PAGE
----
Three months after their first film’s ‘release,’ Loftie read them a typed paper before dinner, asserting there was ‘tide’ in the normal cells of all tissues which he and his helper, Frost, had observed; but he could see no sign of ‘tide’ in the malignant areas. He detailed tests and observations till they yawned. Then Frost ran the latest film for them — in slow and quick time — and they sat round the fire.

‘I’m not committing myself to anything,’ said Loftie, speaking like a badly-shaken human being, ‘but every dam’ tissue up till now seems to have its own time for its own tides. Samples from the same source have the same tides in strength and time. But, as I showed you just now, there are minute constant variations — reactions to something or other — in each tide, as individual as finger-prints. I wouldn’t stake my reputation on it except to you. But I know it’s so.’

‘What do you suppose it means?’ Vaughan half-whispered.

‘As I read it,’ Harries spoke quietly, ‘the minor differences in those “tides” in the tissues are due to interferences with the main or external influence — whichever it may be — which sets up, or which is, the main tide in all matter. They both come from without. Not within.’

‘How far out?’ Vaughan asked.

‘‘Can’t tell — yet — to a few light-years. I’ve been trying to disentangle the minor interferences or influences — which may be due to the nearer — er — influences — from the main tide. In my opinion —’

‘Stop!’ Loftie cried shrilly. ‘You swore us all not to theorise before a year.’

‘Hear me out! I’ve verified some of my calculations at my end of the game, and they justify me in saying that . . . we are all justified in getting tight to-night.’

So, then, they did: being drunk with the ferment of their own speculations before they went to table. Loftie, whom Ackerman confined to strong beer as best for tired brain-cells, rose up above the savoury, and said that he was ‘the Servant of the Infil-tresimally Minute, but not of that fat tape-worm, Tacks.’ Harries described to them the vasts of the Ultimate Heavens fizzing in spirals ‘with — or rather like — champagne,’ but all one generating station of one Power drawn from the Absolute, and of one essence and substance with all things. Then he slept soundly. Vaughan — the professional man — merely wanted to telephone for a taxi that he might drive to discredit a hated West End rival by calling him to his bedroom window and there discussing ‘dichotomy’— a hard word at 3 A.M.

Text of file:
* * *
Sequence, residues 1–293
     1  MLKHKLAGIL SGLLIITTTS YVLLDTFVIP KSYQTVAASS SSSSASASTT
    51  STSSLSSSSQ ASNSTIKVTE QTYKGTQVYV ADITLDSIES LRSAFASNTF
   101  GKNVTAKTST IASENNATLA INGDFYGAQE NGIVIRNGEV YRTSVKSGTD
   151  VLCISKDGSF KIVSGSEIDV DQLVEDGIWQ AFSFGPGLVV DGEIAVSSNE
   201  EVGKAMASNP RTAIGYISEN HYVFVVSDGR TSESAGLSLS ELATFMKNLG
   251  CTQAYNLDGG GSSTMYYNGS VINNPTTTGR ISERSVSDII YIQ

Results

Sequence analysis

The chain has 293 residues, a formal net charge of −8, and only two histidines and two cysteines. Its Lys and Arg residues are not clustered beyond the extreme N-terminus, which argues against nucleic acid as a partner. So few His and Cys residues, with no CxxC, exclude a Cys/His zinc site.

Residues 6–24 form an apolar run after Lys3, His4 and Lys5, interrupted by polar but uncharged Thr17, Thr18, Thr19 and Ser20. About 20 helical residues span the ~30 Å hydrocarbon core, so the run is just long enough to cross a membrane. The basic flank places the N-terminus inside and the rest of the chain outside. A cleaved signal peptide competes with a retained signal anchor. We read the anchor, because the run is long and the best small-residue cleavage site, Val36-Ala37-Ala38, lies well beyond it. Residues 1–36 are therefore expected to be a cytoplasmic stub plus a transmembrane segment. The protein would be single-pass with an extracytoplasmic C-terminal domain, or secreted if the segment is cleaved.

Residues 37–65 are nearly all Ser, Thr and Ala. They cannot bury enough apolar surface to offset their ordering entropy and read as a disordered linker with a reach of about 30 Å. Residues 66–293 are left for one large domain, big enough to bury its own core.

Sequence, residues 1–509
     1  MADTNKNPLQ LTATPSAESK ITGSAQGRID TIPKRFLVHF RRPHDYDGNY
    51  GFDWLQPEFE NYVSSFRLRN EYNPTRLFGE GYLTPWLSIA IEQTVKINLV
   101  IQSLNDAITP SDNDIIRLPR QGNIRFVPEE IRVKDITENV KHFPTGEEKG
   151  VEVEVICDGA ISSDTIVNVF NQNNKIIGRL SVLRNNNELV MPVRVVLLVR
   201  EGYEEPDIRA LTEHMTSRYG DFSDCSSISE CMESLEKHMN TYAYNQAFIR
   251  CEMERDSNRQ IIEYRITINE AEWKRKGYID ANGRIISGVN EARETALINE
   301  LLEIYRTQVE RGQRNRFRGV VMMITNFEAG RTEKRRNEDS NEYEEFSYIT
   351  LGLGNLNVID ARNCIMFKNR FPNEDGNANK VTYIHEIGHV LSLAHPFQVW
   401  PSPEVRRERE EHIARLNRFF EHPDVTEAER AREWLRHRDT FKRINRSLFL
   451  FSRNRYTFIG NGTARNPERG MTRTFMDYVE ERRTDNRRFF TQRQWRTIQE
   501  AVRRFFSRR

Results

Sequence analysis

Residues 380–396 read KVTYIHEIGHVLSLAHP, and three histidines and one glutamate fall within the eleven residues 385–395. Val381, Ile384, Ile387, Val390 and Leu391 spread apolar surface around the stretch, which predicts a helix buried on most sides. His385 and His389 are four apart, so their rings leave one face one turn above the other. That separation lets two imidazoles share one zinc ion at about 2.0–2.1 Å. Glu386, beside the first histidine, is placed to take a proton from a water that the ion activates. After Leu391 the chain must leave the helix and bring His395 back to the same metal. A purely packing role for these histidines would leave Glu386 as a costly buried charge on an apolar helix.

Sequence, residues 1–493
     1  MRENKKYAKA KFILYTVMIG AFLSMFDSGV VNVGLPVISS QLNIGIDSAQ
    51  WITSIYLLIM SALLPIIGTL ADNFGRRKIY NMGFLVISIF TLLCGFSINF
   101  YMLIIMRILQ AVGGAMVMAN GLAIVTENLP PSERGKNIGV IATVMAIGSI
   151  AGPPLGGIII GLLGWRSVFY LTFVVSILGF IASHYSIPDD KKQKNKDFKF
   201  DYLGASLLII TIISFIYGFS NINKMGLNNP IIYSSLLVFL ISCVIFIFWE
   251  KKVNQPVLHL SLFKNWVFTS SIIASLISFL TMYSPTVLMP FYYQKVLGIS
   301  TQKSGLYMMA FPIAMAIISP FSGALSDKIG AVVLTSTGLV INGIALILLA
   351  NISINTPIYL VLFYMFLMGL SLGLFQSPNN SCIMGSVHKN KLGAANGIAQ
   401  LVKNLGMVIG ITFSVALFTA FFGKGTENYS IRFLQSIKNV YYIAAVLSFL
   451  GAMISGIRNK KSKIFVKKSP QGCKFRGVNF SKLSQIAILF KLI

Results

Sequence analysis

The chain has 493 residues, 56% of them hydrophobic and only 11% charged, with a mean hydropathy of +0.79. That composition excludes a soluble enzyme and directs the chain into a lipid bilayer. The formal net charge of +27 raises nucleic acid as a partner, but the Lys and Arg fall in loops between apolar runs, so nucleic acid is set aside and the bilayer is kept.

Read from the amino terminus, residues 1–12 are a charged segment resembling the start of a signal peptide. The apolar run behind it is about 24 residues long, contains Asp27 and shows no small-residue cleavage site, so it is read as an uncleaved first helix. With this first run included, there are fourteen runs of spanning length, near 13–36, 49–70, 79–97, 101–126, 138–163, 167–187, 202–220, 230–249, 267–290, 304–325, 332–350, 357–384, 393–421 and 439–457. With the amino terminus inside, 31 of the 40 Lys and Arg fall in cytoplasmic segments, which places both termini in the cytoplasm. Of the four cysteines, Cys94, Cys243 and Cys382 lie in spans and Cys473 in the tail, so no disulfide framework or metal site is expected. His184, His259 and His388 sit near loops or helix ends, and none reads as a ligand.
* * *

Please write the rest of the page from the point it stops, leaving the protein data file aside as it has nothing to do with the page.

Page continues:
Then they packed Loftie off for a month’s holiday, with a cubic metre of seven-and-sixpenny detective novels, plus Vaughan’s aunt to see that he ate and dressed properly. On his return, he began certain experiments with mice, which Frost took charge of in the boiler-room, because he remembered when their ancestors served in the earliest submarines. It seemed that ‘tides’ worked in their tissues also; but slipped a little round the clock according to the season of each litter’s birth.

And there were born to them mice among mice with prodigious ‘tides.’ Some of these, inoculated at the flood, threw off the trouble, and were promoted by Frost to the rating of pets. Treated on their lowest ebbs, they perished less quickly than the average. Harries kept careful count of their times in all things and ways, and had Frost sling some of their cages on various compass-bearings or set them out in moonlight or thunderstorms.

This last was too much for Loftie, who returned once more to the legitimate drama of cultures and radium emanations, and the mysteries of malignant cells which never acknowledge any ‘tide.’ At the end of three weeks, he, and Frost, broke off the campaign.

He said to Harries one evening after watching their usual film: ‘What do you suppose germs think of?’

‘If you’ve got as far as that,’ was the answer, ‘you’ll develop an imagination one day.’